Saint Michael School students from Kindergarten through eighth grade experienced “The Hour of Code” the week of December 9-13. You can find more pictures at our Shutterfly site.
Kindergarten and first grade students used the free iPad app, Daisy the Dinosaur. They took turns using three iPads. Daisy the Dinosaur has seven commands: move, turn, grow, shrink, jump, roll, and spin. By combining those commands the youngest students can program a dinosaur to perform a routine. You can see by the look on the faces of our students how engaged they were in the program.
The second and third grade students worked as a team at the interactive whiteboard to complete tutorials on the Tynker website. During the week of December 16 the students will try the same exercises on their own. Tynker’s Hour of Code lessons teach the students to use puzzle shaped commands to move a puppy through obstacles. As the children connect the commands they learn the basics of computer programming.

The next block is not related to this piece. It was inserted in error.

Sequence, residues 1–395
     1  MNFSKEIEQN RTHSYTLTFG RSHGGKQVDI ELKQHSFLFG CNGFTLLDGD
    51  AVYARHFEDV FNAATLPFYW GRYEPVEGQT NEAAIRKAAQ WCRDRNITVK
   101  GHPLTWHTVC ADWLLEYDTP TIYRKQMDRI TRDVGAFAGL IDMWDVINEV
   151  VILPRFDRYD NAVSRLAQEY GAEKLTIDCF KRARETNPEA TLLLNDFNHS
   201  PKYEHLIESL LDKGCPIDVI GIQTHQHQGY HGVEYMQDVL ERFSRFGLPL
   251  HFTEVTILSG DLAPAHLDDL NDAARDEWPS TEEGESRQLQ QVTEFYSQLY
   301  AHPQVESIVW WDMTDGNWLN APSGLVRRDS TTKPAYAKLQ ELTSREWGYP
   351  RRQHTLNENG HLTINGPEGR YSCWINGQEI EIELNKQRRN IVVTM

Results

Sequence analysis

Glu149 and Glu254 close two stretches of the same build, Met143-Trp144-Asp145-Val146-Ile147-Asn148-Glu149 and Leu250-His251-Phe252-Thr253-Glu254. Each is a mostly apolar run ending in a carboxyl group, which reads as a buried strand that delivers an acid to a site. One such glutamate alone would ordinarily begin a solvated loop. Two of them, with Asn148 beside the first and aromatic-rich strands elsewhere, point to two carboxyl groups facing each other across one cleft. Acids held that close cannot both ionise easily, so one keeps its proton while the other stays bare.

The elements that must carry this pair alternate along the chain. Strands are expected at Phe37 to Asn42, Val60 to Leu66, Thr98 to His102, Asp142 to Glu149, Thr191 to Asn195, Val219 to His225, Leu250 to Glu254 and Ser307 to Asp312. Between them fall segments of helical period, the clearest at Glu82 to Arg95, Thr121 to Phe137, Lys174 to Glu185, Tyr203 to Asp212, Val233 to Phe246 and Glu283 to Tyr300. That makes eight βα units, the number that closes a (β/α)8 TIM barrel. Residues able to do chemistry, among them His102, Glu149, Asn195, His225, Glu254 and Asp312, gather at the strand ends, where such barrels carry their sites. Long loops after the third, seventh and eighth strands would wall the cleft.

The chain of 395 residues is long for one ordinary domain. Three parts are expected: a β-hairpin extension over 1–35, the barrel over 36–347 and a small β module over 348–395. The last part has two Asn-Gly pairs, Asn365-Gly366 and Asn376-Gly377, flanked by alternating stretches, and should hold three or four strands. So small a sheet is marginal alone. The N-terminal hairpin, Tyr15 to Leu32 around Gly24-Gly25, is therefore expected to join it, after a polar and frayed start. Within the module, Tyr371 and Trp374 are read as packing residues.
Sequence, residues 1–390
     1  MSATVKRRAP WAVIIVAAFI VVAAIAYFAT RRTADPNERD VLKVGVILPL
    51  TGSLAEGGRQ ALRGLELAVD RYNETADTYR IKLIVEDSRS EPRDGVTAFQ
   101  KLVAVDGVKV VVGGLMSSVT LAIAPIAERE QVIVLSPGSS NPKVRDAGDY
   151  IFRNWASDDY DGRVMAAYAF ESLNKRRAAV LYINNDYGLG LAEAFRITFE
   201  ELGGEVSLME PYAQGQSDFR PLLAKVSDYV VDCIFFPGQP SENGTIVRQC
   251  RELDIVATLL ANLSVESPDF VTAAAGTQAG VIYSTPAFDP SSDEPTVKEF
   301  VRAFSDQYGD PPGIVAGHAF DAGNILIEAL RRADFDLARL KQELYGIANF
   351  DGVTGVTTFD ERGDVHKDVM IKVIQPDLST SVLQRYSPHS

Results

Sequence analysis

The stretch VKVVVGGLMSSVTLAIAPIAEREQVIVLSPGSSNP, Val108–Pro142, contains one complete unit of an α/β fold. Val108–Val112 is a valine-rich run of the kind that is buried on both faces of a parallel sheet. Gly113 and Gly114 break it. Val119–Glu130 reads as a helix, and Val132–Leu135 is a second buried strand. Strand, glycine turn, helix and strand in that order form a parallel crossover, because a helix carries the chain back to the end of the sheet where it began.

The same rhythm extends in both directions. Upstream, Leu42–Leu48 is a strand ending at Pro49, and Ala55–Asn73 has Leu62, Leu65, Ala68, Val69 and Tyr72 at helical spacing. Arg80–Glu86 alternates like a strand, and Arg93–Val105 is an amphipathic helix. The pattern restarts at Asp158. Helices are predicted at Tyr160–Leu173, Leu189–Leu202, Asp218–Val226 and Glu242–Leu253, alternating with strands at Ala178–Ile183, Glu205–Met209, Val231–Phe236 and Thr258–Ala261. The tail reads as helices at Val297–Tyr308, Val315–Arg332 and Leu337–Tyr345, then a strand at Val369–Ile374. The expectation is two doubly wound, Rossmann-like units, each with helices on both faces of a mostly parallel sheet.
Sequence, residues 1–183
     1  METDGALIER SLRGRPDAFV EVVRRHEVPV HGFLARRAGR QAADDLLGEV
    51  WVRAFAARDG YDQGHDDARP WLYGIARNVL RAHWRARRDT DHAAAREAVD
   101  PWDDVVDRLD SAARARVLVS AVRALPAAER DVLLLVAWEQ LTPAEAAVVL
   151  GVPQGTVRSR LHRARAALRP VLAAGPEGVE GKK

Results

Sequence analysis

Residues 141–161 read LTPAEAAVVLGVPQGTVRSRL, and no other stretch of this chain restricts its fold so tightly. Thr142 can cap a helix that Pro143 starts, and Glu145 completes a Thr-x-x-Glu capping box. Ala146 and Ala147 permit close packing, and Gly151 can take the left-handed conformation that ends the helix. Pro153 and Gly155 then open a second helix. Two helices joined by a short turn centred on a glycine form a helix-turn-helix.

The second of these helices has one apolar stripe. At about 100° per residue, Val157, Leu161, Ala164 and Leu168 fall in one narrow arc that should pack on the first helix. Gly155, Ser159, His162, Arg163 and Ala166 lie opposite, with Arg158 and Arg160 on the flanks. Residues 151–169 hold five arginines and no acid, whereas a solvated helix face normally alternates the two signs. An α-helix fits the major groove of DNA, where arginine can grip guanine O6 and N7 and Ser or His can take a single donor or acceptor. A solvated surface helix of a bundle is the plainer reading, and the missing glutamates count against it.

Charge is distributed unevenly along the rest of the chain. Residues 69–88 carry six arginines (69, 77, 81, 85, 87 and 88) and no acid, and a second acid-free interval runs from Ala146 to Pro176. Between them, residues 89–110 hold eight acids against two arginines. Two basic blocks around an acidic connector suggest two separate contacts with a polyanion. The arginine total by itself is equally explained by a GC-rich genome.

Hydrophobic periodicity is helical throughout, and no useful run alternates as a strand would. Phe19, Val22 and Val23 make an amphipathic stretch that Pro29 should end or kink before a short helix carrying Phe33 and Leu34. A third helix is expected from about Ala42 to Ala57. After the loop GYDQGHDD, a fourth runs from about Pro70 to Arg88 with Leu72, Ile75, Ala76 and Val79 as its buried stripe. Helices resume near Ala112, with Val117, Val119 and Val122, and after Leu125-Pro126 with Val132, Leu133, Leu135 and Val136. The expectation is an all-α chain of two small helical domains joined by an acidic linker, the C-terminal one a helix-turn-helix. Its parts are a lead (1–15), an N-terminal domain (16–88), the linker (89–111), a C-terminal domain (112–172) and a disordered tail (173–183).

The fourth through eighth grade students worked independently using Blockly. It is a programming language that uses puzzle shaped blocks. Videos with guest speakers such as Bill Gates of Microsoft, Mark Zuckerberg of Facebook, and Chris Bosh NBA All-Star and college computer programmer introduce and explain concepts. The students first solved puzzles by creating computer code to move the angry bird to the pig and a zombie to a sunflower. Once students understood the concept of moving characters on the screen they progressed to programming the drawing of shapes such as squares and triangles. The students will find an Hour of Code certificate in their Edmodo account.
All students in second through eighth grade have usernames and passwords to access the lessons in Tynker and Blockly. It is the same as the username and password for our K12Share website for Pixie drawings and Edmodo.
This event was held for the first time by code.org during Computer Science Education Week. It attracted over 15 million individuals who wrote over 490 million lines of code.